Dr. Lori Desautels 317-207-0336 brain@revelationsineducation.com

Priming the Brain! Brain Breaks and Focused Attention Practices… What is the Difference?

Priming the Brain! Breaks and Focused Attention Practices
What’s the Difference?

As another semester winds down, I am left with valuable time for desired reflection, consolidation of all the learning that my students and I have shared, and an excitement to question and wonder about the relationship of the mind, brain, emotions and learning. In this article I want to discuss the differences between brain breaks and focused attention practices and the benefits of these inside every classroom and school.

Our brains are neurobiologically wired to pay attention to everything! We ingest process and retrieve information from our environments in unique ways. What is the difference between the mind and the brain? There is much discussion and research being hypothesized over this topic and I am not aware of any definitive answer; but I have embraced the theories and practices, weaving these into a temporary definition from research and experiences.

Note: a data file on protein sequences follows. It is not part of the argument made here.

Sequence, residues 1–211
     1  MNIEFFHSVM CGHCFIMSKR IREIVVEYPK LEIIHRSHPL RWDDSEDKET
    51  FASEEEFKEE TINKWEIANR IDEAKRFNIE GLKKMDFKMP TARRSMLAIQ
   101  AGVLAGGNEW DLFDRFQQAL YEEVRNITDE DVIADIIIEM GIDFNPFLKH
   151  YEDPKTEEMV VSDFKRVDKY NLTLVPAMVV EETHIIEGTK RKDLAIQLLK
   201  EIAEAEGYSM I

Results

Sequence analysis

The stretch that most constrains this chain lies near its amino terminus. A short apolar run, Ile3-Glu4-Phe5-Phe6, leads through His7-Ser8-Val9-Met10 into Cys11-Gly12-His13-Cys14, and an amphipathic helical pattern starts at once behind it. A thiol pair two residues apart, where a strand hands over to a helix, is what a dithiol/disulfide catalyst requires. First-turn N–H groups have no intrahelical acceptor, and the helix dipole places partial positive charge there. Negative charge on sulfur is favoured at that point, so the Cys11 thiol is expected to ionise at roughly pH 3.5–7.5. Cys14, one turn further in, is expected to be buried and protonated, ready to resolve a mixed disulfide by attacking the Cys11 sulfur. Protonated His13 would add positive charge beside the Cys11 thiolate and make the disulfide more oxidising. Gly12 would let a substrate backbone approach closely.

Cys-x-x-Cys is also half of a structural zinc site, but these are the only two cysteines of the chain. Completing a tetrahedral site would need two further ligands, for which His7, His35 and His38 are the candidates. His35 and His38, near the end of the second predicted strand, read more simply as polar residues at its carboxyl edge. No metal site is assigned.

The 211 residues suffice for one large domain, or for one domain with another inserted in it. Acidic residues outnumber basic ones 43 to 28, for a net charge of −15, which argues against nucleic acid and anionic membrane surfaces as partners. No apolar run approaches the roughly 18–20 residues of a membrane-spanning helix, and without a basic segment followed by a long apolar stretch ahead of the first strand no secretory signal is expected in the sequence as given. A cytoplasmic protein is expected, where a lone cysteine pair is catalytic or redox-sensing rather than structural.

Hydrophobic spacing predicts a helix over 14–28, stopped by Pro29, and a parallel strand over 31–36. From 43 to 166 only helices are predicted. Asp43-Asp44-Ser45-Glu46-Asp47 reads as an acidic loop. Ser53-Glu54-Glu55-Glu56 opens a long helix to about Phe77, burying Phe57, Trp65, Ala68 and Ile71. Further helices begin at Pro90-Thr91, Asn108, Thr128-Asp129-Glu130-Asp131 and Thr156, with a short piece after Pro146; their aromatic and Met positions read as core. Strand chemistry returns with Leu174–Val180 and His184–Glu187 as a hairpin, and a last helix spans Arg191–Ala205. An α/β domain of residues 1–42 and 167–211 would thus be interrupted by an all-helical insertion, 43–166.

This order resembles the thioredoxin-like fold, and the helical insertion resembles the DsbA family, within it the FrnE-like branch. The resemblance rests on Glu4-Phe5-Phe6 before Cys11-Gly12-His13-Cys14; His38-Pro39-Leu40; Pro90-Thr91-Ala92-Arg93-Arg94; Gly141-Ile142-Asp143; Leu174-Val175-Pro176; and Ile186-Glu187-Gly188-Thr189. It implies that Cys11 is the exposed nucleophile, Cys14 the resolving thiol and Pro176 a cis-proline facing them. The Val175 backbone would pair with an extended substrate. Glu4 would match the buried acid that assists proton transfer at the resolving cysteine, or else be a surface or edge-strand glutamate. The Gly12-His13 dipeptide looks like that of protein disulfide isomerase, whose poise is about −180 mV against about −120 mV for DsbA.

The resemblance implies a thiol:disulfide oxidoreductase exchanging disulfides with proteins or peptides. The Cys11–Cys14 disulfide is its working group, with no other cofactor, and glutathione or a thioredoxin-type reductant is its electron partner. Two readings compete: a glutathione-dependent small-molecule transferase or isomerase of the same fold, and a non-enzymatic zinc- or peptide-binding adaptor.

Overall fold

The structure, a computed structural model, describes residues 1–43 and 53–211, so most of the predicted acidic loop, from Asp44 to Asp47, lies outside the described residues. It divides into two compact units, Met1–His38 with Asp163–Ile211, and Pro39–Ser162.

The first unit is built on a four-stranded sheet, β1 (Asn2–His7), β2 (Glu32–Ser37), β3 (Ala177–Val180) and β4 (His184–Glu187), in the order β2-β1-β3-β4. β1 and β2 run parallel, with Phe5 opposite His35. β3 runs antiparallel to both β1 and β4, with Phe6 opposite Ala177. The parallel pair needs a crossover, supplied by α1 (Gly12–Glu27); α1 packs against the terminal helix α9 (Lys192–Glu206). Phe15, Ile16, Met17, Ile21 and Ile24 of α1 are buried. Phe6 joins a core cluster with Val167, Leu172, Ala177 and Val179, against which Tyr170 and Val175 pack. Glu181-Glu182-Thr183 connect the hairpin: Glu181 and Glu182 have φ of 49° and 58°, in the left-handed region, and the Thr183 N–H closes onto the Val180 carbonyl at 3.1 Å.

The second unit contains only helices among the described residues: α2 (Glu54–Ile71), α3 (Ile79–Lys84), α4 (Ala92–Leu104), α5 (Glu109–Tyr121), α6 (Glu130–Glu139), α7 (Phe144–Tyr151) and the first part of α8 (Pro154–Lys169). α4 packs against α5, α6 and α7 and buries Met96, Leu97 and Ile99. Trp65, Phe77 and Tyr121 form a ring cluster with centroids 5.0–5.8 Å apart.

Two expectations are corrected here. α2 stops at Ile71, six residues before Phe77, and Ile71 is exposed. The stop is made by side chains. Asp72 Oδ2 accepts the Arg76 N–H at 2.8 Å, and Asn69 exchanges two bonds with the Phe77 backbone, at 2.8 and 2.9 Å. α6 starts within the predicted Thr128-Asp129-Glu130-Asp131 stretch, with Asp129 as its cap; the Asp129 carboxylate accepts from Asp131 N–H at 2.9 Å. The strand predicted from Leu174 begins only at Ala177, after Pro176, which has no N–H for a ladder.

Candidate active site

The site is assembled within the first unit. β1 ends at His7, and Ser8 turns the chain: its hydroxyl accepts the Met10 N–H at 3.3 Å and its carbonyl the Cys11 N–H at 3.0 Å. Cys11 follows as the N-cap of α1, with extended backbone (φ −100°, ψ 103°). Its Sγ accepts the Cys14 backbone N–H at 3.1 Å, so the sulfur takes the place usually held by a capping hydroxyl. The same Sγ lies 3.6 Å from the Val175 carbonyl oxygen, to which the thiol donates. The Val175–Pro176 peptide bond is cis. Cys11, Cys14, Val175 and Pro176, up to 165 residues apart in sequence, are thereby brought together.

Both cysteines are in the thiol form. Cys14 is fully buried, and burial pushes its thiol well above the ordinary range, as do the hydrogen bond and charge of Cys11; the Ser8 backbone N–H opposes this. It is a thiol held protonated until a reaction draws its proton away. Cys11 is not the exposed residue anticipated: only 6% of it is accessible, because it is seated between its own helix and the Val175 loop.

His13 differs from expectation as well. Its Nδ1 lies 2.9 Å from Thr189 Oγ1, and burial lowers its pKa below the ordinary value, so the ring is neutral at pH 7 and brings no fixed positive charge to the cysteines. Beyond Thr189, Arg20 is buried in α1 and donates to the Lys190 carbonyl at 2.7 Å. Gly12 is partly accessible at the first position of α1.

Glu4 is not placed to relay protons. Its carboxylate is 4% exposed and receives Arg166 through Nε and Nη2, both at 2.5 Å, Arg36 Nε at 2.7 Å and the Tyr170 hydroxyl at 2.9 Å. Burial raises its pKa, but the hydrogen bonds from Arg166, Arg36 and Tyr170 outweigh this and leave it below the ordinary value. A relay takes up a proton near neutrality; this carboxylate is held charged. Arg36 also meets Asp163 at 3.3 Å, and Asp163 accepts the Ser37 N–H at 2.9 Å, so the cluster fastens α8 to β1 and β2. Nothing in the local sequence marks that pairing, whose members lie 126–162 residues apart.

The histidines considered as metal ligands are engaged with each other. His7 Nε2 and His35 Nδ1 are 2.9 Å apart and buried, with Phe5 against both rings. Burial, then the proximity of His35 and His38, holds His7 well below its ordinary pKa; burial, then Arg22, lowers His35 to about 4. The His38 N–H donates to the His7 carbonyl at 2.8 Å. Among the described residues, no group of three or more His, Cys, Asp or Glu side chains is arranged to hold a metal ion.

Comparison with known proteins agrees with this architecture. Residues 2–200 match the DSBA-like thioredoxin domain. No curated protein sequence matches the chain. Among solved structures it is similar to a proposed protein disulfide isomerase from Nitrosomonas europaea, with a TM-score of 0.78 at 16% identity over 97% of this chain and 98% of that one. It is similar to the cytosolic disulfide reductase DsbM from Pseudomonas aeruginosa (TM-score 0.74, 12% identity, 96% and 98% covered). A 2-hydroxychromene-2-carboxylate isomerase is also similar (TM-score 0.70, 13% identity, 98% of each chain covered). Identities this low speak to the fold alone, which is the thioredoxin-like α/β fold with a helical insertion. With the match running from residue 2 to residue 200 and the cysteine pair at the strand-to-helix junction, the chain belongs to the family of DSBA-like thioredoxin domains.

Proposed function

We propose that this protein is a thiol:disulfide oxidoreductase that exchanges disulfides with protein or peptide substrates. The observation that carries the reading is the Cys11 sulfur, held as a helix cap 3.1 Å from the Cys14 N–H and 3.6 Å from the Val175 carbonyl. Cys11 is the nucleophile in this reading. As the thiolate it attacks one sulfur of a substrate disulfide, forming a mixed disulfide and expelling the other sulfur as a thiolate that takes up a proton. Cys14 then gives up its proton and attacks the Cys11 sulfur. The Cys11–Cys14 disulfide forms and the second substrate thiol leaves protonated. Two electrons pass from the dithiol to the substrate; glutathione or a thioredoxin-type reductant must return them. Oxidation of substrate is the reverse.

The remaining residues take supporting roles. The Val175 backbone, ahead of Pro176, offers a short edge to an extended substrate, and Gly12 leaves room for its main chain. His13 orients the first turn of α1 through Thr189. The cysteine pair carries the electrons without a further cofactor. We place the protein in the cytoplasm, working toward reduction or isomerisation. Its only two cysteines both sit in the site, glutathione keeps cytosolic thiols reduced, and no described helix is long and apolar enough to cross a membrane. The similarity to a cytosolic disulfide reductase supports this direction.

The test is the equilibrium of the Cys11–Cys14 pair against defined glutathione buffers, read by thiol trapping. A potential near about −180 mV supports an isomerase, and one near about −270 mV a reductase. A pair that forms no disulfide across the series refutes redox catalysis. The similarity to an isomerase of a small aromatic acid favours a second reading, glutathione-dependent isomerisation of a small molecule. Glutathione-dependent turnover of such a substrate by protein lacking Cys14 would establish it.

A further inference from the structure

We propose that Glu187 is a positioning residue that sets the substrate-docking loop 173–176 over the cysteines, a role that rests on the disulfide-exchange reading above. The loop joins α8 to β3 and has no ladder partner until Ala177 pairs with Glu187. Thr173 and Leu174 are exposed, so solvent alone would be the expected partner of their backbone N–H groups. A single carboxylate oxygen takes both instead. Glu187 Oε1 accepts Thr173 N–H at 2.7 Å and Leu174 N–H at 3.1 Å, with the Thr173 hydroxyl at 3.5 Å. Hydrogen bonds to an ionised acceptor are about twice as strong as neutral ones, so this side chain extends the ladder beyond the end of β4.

The brain is our machinery and our tool for learning, survival and feeling emotion. It is a vehicle that pays attention to the thoughts and feelings that move in and out of our minds. The mind is the driver of the vehicle. The mind decides consciously or unconsciously what to think, choose, feel, say to itself, as it questions, replays and wonders 24 hours a day. There is so much more that we do not know or understand about the brain and mind, as the research is in its infancy. For the purpose of this article, our students need to know that “awareness of mind” is critical to positive emotion and learning. When we are focused and paying attention to our thoughts, feelings and choices, we have a much greater opportunity to change those thoughts and feelings that are not serving us well in life and in school. When we grasp this awareness with understanding, our brains mimic the thoughts feelings and behaviors of our minds with a rewiring of neural circuitry that creates a neural trait which becomes a brain state.